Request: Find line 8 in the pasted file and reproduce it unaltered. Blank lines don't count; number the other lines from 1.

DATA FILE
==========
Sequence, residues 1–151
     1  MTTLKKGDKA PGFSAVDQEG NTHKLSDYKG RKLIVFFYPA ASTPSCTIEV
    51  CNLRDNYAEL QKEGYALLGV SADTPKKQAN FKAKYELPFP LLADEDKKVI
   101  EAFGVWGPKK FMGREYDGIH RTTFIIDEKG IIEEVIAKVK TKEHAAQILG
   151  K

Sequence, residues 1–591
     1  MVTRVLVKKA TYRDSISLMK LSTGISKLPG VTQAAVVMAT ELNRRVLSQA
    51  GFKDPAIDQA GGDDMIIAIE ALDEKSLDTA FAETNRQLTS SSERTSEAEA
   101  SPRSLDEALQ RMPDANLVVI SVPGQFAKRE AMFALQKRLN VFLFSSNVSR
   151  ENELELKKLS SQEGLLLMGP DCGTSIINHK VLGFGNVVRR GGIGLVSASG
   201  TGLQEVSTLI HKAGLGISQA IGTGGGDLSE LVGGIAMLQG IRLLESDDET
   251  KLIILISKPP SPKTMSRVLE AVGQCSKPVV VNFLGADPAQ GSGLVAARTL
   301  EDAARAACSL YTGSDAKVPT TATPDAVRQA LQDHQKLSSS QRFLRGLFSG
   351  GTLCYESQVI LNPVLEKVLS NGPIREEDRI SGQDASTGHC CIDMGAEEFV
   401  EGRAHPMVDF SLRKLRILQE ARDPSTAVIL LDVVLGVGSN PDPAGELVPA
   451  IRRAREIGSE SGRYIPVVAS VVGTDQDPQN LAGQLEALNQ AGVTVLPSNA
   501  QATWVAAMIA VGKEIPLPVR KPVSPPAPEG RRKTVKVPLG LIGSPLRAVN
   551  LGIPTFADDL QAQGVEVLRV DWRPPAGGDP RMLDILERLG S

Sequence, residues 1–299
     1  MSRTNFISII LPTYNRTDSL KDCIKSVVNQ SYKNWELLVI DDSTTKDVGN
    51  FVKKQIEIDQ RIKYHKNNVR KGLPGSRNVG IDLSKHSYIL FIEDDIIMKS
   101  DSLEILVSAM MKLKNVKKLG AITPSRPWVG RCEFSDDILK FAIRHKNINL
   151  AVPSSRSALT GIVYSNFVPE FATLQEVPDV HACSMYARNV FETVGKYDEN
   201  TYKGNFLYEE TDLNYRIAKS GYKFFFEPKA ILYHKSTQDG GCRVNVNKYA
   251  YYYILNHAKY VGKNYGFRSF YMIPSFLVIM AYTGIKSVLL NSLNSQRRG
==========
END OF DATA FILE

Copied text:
    51  GFKDPAIDQA GGDDMIIAIE ALDEKSLDTA FAETNRQLTS SSERTSEAEA